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Determining the quality of higher education

by Florent Bick last modified 2010-11-08 11:02


Catholic University of Mons (FUCaM)

Head of the Sociological Action And Meaning Research Group (GRESaS)

Determining the quality of higher education

The founding fathers of the Bologna process aimed to make European universities attractive for students worldwide and ease the circulation of staff and students with a view to developing scientific excellence. Some aspects of this initiative were achieved more quickly and deeply than the most optimistic of initiators had initially expected. The bachelor, master and doctorate degree structure or LMD has become a landmark for the educational systems of all continents. There has been so much enthusiasm about the establishment of the European space for higher education that limits had to be put for the whole world not to rush into it indistinctly. Other aspects such as the identification of quality criteria for higher education and how they will be met are have not been achieved yet.

However, the establishment of a European, even international space for higher education in which learners would be free to circulate cannot be realised unless identical higher education quality criteria are identified and based on solid, undisputable assessment techniques. One of the major challenges of the internationalisation of higher education is first to reach agreement among all parties on what quality is and how it should be measured. It was clearly intended to make national systems comparable and compatible but the means towards this end were not identified at all.

I argue in this paper that today’s difficulties are partly explained by the different timing of operational and symbolic changes across the countries that adopted LMD. Under the pressure of various international organisations – OECD, European Union – universities have promoted competition, networking and the ranking of institutions and staff members. Symbolic changes have also come with these operational transformations. Belgium is a case in point. University policies were conducted on a single basis until 1968. However how the two linguistic communities adhered to the Bologna process is totally opposed. In collaboration with the Netherlands, Flanders set up an independent agency for quality evaluation. In case of failure, a number of sanctions are provided for. In French-speaking Belgium, the quality agency is run by civil servants and its evaluations are designed to disseminate good practice and provide advice to institutions. There are neither rankings nor sanctions.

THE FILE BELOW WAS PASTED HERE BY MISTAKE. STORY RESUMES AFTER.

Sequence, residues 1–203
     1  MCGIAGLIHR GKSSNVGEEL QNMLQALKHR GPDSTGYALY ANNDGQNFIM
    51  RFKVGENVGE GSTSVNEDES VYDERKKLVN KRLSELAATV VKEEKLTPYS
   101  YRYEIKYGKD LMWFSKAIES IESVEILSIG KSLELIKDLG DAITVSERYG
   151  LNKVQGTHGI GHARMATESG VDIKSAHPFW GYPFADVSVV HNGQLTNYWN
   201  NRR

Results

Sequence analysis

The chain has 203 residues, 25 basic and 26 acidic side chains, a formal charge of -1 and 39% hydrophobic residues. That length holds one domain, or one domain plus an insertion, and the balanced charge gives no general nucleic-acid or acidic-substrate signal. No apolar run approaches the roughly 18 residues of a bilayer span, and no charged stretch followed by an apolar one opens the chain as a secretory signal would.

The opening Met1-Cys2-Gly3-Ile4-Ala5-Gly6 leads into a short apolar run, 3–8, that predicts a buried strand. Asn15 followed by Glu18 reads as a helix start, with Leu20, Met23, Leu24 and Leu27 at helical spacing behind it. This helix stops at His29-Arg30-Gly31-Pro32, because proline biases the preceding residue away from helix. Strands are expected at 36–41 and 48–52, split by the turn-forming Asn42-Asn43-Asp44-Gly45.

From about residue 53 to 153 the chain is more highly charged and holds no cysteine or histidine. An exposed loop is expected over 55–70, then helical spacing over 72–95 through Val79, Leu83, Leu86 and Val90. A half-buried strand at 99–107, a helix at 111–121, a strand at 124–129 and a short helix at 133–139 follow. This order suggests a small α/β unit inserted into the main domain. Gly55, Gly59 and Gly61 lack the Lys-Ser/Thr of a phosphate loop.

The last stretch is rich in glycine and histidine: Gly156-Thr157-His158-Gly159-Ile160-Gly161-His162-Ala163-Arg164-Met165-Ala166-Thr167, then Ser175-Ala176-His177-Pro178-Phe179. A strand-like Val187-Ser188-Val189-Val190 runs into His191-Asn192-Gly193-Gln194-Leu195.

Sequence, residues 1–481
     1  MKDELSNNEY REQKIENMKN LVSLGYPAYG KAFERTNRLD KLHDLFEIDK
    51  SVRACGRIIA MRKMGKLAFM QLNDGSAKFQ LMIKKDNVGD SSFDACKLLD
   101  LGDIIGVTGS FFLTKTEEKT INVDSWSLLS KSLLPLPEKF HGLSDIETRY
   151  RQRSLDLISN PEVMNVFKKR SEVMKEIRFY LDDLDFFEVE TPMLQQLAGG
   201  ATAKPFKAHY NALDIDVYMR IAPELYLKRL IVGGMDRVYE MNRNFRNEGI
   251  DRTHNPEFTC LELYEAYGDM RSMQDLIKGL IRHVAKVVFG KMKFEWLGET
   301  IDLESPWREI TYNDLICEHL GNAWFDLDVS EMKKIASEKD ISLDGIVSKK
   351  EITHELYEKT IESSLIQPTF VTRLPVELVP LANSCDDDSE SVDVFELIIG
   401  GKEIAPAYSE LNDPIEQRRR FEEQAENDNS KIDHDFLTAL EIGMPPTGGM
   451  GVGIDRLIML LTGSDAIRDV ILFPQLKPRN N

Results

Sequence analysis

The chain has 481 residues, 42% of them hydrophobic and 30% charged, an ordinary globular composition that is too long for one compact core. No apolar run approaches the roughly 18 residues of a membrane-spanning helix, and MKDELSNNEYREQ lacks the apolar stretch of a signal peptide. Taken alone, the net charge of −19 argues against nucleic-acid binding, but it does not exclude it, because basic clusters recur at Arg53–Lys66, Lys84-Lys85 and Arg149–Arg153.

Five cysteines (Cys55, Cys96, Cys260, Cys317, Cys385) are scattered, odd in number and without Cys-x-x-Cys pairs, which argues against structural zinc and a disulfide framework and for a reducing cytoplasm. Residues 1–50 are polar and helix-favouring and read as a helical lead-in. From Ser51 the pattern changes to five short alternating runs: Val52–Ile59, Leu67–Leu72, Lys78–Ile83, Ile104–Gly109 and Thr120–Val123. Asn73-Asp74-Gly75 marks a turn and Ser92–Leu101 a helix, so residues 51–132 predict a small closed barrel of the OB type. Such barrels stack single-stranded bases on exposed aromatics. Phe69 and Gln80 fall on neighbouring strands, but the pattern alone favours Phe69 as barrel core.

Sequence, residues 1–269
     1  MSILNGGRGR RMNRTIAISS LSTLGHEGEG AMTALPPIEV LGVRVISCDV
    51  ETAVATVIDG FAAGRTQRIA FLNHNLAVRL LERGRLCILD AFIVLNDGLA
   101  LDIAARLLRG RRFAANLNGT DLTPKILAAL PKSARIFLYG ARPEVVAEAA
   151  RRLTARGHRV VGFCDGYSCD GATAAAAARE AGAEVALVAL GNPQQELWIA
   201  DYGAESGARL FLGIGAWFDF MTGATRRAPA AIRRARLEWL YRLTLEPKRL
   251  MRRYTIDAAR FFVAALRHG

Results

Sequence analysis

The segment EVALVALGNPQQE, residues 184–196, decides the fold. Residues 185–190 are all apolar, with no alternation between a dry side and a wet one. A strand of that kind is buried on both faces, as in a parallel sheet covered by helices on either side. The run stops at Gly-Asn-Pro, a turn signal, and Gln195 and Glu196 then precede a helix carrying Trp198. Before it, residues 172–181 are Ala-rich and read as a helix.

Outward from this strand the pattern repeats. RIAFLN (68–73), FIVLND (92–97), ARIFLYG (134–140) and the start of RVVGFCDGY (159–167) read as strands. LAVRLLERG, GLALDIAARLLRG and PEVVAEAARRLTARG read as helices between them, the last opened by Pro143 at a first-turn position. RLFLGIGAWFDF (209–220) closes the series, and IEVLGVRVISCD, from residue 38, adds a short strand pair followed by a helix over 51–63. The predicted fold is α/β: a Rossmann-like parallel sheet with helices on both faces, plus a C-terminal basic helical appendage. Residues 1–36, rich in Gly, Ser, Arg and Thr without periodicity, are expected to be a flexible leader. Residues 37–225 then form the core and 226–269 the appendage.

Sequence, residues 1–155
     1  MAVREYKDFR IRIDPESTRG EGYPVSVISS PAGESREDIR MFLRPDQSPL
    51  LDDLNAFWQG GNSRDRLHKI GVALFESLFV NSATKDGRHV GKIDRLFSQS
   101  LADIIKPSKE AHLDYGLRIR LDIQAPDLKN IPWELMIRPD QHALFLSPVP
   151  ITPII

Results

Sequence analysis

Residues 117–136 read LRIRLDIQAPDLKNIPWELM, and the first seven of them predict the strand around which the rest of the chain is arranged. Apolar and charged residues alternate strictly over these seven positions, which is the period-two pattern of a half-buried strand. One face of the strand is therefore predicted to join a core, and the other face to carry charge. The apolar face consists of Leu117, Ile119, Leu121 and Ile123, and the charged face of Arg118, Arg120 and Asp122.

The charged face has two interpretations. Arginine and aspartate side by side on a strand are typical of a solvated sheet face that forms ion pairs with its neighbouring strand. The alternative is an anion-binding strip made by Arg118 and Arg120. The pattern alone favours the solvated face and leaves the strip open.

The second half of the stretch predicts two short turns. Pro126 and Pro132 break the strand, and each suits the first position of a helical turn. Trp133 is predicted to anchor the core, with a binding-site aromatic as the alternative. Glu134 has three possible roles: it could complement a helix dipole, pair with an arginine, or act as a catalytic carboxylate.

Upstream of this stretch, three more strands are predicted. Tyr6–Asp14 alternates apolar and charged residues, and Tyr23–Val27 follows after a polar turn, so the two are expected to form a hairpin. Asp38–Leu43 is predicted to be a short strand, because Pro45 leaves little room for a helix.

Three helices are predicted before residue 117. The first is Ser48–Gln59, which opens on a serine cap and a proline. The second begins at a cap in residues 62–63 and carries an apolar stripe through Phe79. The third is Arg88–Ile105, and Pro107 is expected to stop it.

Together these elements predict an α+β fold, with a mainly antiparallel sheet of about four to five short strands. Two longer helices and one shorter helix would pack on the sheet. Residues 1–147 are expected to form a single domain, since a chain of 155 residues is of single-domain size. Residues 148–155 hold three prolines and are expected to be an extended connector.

The models of the two linguistic communities illustrate that the Bologna reform is faced with two different representations. In French-speaking Belgium, universities are under state protection. In this welfare state-derived version, it is taken for granted that all university courses are of satisfactory quality and staff members and teams are expected to take risks all the more so as they are correctly protected. In the Fleming community, the model is similar to that promoted by Germany, Austria and the United Kingdom. Limits and protections are suppressed. Its promoters believe that spurring competition between institutions, laboratories and staff members will bring the best results.

The definition of quality and its instruments is linked to these two versions. The arguments behind the version privileged in French-speaking Belgium are that the initiatives of a university are measured by its effects on its environment, the services it provides to the economy and the civil society, its contribution to local development while the Fleming version tends to privilege absolute hierarchies and quality is measured in terms of scientific prizes or the number of publications in journals.

Education et sociétés
Numéro 21
Former des élites dans un monde incertain
Coordonné par Yves Dutercq
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Association internationale des sociologues de langue françaiseComité de recherche n °7 Éducation, Formation, Socialisation
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